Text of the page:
Cancer keeping ‘Miss Lei’ from Merrie Monarch

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Anthropologist Margaret Mead said, “Never doubt that a small group of thoughtful, committed citizens can change the world. Indeed, it’s the only thing that ever has.”


Anthropologist Margaret Mead said, “Never doubt that a small group of thoughtful, committed citizens can change the world. Indeed, it’s the only thing that ever has.”

When the late Dorothy “Aunty Dottie” Thompson became executive director of the Merrie Monarch Festival in 1968, the 5-year-old event had waned in popularity and was on the verge of collapse. Thompson recruited a small group of thoughtful, committed citizens to change the festival’s fortunes. One, of course, was kumu hula George Na‘ope, one of the festival’s co-founders. Na‘ope helped execute Thompson’s vision of making a world-class hula competition the centerpiece of the festival.

Another of Thompson’s key recruits was Lei Branco, who for four decades until her retirement worked for the Hawaii Visitors and Convention Bureau. A force of nature, “Miss Lei,” as she’s affectionately known, became a board member — she’s still on the board — and festival volunteer whose marketing expertise, contacts, people skills and willingness to work hard helped make the Merrie Monarch week the pinnacle of Hilo’s year.

“She was there with my mother from the beginning and she’s done so much for us over the years,” said Luana Kawelu, Merrie Monarch president and Thompson’s daughter.

Branco, who has done everything from organizing and overseeing concessions at the festival to organizing the Merrie Monarch Festival Parade, is noticeably missing this year because she’s in California undergoing treatment for cancer.

Speaking by phone, Branco said the Merrie Monarch came into its own when Thompson took over it from the Hawaii Island Chamber of Commerce and made it a self-sustaining entity.

“Thank God Aunty Dottie wanted it,” she said. “(HVCB) gave her some money so she could start it up again. She was willing to go in and make money so it would help pay for itself. Because you can’t put on a big show like that without having backup, someone who is willing to help you.”

Branco, of course, did more than just help ensure the festival got startup funds.

“I learned to sell tickets and everything that everybody else had to do. And I worked in the office; I volunteered for that,” she said. “(Thompson) said, ‘We know you can do this because you know so many people.’ And it’s easier to talk to people you know than people you don’t know. That’s how I started working for her, and from that point on, it was full on, which I love.”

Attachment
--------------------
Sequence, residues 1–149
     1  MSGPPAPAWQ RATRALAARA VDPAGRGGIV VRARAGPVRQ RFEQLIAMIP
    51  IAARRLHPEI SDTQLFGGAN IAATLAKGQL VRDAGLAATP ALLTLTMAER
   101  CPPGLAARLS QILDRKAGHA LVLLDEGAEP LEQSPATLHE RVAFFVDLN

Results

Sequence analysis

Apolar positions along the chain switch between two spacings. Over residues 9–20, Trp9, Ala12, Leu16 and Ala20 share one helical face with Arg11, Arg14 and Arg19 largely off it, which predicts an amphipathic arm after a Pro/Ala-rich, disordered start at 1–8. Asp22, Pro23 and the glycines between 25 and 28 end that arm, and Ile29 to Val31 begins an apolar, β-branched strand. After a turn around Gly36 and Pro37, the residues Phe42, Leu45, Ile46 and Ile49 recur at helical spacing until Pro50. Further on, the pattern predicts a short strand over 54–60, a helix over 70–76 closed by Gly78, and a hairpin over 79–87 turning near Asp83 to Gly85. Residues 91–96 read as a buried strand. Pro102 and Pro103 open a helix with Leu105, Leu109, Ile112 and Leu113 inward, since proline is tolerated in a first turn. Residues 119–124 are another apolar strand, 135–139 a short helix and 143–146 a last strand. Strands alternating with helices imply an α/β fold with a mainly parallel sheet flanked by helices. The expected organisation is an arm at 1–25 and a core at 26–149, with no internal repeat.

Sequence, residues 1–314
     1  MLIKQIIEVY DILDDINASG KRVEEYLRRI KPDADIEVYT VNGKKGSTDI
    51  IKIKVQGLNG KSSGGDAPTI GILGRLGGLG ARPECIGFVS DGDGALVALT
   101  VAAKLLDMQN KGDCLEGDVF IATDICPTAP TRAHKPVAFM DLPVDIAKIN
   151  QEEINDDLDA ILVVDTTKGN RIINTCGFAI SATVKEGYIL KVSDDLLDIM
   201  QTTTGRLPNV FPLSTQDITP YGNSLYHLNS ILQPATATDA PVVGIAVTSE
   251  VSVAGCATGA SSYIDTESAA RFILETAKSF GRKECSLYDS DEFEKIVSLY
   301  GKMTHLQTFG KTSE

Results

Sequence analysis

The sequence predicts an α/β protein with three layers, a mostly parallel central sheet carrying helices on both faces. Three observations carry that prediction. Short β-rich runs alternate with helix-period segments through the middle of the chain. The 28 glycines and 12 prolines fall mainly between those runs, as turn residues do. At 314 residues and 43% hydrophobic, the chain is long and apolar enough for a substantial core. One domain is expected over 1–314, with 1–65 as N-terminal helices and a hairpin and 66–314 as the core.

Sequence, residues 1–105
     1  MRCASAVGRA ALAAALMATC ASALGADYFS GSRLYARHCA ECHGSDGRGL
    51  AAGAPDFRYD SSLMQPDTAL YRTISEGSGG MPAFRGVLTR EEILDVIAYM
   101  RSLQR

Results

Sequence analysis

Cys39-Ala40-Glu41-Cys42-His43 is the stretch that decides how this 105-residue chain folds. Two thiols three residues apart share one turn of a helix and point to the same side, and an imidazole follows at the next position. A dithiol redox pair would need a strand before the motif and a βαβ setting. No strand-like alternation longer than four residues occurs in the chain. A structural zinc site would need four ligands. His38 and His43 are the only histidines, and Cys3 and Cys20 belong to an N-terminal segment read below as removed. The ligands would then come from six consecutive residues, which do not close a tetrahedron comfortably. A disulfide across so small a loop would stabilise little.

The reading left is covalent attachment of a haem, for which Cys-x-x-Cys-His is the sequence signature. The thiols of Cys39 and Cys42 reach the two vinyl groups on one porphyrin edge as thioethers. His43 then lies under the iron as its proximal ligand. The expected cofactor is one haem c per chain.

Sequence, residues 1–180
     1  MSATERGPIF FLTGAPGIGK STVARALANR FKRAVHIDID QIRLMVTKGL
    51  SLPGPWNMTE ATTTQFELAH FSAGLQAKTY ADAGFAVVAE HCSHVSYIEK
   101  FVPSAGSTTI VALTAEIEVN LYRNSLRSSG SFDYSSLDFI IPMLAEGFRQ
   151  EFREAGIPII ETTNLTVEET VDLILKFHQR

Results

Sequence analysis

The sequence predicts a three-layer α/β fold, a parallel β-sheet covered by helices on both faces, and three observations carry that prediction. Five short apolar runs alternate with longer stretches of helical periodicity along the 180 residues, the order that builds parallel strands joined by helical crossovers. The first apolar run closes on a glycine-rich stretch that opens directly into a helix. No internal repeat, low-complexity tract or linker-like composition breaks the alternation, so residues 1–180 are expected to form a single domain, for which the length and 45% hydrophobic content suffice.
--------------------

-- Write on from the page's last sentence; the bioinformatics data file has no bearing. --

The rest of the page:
Branco, who remains active in the Big Island chapter of the International Federation of Women in Travel, secured the organization’s involvement, as well.

“We worked the food booth,” she said. “We worked in the front and took orders, not the back, because we were not the cooks. That took a lot of my time organizing that to work well for all concerned — the cooks, the ones who make the plates, and of course, our club who took the orders. We still do that, by the way.”

Branco and the women’s travel group also helped in creating early demand for the Merrie Monarch in the visitor industry.

“We brought women in the organization from around the world to come see the Merrie Monarch,” she said. “They were from Japan, from Europe, from all over. We even had some come from Africa. They couldn’t wait to come here.”

For a number of years, Branco also chaired the Merrie Monarch Festival Parade, which is always on Saturday and is Hilo’s biggest parade.

“Aunty Dottie said, ‘Why don’t you handle the parade because then I don’t have to worry about it,’” Branco recalled. “I’d never put on a parade in my life. You might as well tell me, ‘Why don’t you make dinner for all the people who’s coming in.’

“I learned a lot and I met a lot of people.”

Even before she became parade chairwoman, Branco was involved, as she and her paniolo (cowboy) husband, Charlie, worked to involve local equestrian folks as pa‘u riders.

“They were always calling me to see if I could get horses for the parade and thanks to my family, Charlie’s family in Waimea, we got the horses. His daughter really is the one to take care of the horses,” she said. “But, you know, horses have to be trained for parades. Because most of the horses there are for ranch work and you really can’t use them for the parade. They don’t like to stay still. They like to run and handle the cattle. Going down the hot street in a parade, that’s not for them.”

Branco, who credits Hilo surgeon Dr. Joshua Pierce for diagnosing her illness, is optimistic she will recover and hopes to take part in future festivals.


“I don’t care how many hours we worked, I enjoyed every minute of it,” she said. “There are people who come to the festival every year, and it’s so nice meeting these people again and again. They become your friends and they say, ‘Lei, we’re so happy to see you’re still here.’ And we’re so happy to see them come back.”

Email John Burnett at

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